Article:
After hundreds of pages of testimony; hundreds of documents, photos, and videos; and a round of “briefs” and “reply briefs”, all the activity in the Safety 7 case has come to a halt. Now, we’re waiting for a decision by Judge Barnes, and confirmation of her decision by the full Public Utility Commission.

Barnes will have a lot to consider. The Safety 7 case (formally known as “Meghan Flynn, et al. v. Sunoco Pipeline, L.P.”) generated a lot of legal documents. Following the hearings, all the parties filed “post-hearing briefs” stating what they claim are the “findings of fact” in the case and giving their arguments for how the relevant laws and regulations should be applied. Many of them also filed “reply briefs” that attempted to show why the opposition’s “post-hearing brief” was wrong.

In this blog post, I will try to provide a sense of the arguments being made in all those briefs. It won’t be possible to discuss all the issues in detail. I will provide links that you can follow to all the documents in the case, and I encourage you to read the ones that interest you. If you find that I have omitted information that you consider important, please let me (and other readers) know in the comments.

An overview of the briefs. The major position statement of each party involved are contained in their “post-hearing briefs”. Here are links to some of the key post-hearing briefs:

  • Flynn et al. (the Safety 7 complainants): This brief presents the main arguments of the case: that Sunoco has failed to maintain its pipelines properly, that its public-awareness program violates federal law, that its siting of the pipelines violates state law, that its construction practices are illegal, that the PUC has the authority to address these issues, and that neither Sunoco nor Range Resources would be unduly harmed by the judge’s decision.
  • Sunoco Pipeline: Sunoco’s brief argues that its activities are all lawful and that the pipelines have large public benefits.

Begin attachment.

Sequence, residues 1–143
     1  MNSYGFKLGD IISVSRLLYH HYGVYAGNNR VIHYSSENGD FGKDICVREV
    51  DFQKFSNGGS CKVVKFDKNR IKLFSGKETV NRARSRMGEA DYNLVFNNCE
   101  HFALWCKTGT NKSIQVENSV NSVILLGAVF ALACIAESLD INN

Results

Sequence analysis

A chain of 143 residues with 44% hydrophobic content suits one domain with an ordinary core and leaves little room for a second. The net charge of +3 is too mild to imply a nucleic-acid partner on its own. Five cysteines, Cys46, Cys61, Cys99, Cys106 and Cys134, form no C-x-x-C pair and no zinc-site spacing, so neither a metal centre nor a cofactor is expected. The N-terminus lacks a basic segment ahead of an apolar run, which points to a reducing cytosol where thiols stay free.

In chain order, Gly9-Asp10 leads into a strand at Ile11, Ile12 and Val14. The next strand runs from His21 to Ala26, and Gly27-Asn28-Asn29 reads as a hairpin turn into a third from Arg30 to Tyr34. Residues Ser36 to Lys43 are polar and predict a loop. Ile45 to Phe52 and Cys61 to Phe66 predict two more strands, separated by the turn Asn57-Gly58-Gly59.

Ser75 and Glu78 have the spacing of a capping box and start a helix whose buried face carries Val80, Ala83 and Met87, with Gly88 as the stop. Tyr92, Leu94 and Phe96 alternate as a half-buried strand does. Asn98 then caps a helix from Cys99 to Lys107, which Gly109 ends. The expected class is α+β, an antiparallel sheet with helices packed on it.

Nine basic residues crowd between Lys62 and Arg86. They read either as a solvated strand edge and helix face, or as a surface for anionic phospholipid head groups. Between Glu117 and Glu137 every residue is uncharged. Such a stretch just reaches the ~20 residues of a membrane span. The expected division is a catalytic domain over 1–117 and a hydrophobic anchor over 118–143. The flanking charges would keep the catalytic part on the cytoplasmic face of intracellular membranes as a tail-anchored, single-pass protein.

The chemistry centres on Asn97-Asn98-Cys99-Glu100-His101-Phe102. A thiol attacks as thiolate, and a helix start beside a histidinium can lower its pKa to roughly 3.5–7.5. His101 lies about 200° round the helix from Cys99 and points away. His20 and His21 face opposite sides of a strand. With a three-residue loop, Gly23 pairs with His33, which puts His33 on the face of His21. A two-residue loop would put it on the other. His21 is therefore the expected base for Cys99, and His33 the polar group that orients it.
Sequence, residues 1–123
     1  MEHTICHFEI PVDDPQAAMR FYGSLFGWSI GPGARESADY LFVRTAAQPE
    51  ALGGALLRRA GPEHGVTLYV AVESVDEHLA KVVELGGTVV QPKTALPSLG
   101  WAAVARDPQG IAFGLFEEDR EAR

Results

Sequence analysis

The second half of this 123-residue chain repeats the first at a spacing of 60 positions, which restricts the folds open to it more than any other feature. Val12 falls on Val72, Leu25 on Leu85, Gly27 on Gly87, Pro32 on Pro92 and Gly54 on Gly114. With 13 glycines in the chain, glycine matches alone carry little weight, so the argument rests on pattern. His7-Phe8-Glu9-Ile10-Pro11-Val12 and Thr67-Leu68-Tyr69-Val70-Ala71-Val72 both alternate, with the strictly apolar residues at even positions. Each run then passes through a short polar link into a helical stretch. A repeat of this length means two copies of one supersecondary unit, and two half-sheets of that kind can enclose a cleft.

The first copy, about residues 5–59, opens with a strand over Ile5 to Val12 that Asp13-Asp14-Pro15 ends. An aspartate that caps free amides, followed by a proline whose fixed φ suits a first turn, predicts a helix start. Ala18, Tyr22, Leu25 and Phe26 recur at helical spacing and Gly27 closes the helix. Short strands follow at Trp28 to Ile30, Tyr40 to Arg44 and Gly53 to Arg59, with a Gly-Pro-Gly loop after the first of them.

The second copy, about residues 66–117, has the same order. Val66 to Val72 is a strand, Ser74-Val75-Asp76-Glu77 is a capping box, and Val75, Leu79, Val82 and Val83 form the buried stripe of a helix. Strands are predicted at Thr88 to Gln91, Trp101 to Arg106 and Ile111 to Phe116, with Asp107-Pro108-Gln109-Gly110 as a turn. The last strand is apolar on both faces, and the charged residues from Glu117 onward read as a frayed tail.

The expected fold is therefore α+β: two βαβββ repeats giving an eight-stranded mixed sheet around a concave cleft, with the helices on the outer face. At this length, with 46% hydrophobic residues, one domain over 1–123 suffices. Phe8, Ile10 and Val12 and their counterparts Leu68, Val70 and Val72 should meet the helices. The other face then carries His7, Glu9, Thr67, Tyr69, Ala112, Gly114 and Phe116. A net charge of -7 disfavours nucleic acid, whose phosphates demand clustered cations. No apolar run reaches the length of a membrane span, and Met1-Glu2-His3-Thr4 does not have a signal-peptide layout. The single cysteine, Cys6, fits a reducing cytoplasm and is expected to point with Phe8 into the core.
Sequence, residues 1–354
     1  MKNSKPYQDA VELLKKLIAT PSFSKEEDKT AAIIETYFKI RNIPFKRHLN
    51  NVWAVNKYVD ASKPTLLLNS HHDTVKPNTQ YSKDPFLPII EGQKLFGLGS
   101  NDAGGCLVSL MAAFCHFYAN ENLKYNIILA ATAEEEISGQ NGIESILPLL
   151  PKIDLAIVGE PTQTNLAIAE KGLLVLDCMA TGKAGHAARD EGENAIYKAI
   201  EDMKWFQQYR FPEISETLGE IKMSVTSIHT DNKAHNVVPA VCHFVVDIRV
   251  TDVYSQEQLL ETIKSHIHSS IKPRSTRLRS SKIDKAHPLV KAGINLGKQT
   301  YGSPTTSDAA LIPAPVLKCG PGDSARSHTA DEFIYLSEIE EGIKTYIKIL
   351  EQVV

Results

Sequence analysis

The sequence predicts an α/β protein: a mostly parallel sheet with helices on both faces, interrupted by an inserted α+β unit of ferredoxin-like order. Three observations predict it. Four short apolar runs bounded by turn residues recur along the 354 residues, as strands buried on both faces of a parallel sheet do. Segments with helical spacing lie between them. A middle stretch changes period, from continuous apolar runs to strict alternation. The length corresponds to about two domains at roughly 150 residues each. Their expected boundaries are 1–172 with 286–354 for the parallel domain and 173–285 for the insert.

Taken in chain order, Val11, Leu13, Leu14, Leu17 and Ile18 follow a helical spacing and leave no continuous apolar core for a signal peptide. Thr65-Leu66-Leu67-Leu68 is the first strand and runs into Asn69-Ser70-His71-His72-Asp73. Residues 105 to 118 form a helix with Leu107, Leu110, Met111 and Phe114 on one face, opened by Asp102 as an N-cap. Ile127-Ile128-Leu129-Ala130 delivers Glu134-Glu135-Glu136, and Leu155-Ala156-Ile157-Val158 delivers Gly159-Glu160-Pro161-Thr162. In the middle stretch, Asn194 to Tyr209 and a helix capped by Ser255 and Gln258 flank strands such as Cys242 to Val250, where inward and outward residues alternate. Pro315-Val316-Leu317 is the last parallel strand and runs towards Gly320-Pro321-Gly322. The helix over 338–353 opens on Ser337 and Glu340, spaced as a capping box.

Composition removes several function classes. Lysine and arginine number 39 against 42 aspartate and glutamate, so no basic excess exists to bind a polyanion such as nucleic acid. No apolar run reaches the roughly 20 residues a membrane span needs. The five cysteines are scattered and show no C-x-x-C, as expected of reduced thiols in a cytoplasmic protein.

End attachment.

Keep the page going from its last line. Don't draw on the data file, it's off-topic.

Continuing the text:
• Andover Homeowners Association: This brief argues that Sunoco’s public-awareness program does not protect the public and violates federal and state requirements.
  • Chester County: The County argues that Sunoco has not provided adequate information for Emergency Services and First Responders, and that the public-awareness program is deficient.

In addition to those briefs, there are nine more briefs filed by parties to the case. I won’t provide all the links here, but you can easily find them by going to the PUC website, where this case has the docket number C-2018-3006116. The link is Click on the choice “Public Documents”, and you will find a list of links to every public document in the case, newest at the top.

The additional briefs include:

  • Thoughtful arguments by each of the three of the “pro se” complainants (Rebecca Britton, Laura Obenski, and Melissa DiBernardino). They each, in their own way, focus on safety—particularly the danger to homes and schools.
  • Virginia Kerslake, an intervenor in this case whose property is crossed by the pipeline, filed a short brief summarizing her concern for the state of the old pipes, the deficiencies in Sunoco’s public-awareness program, and the impossibility a real evacuation.
  • The West Chester and Twin Valley School Districts filed a joint brief, focused on the need for leak notification and improved public education.
  • Another joint brief, filed by Downingtown Area School District, the Rose Tree Media School District, East Goshen Township, and State Senator Tom Killion, asks for early warning detection for leaks, prompt notification by Sunoco, and a proper emergency response plan.
  • Middletown Township’s brief asks for sensors to monitor the pipeline and prompt notification of Glenwood Elementary School in case of a leak, along with several other requests.
  • West Whiteland Township and Delaware County each filed a statement simply saying that they joined with the main Safety 7 brief.  
  • Range Resources, a key pipeline customer, argues that shutting down the pipelines would harm the public, and that the complainants have not shown they are entitled to ask for a shutdown.

The reply briefs. A few weeks after the post-hearing briefs were filed, all the parties had the opportunity to file “reply briefs” in which they could attempt to rebut the points in their opponents’ post-hearing briefs. Seven parties filed reply briefs (the Safety 7, Sunoco, Andover Homeowners, Chester County, Melissa DiBernardino, Middletown Township, and Range Resources). These documents can all be found on the case docket at the link noted above.

I won’t attempt to summarize the reply briefs here. But in my next blog post, I will attempt to lay out all the major arguments and counter-arguments in this case. That will include information from both the post-hearing briefs and the reply briefs.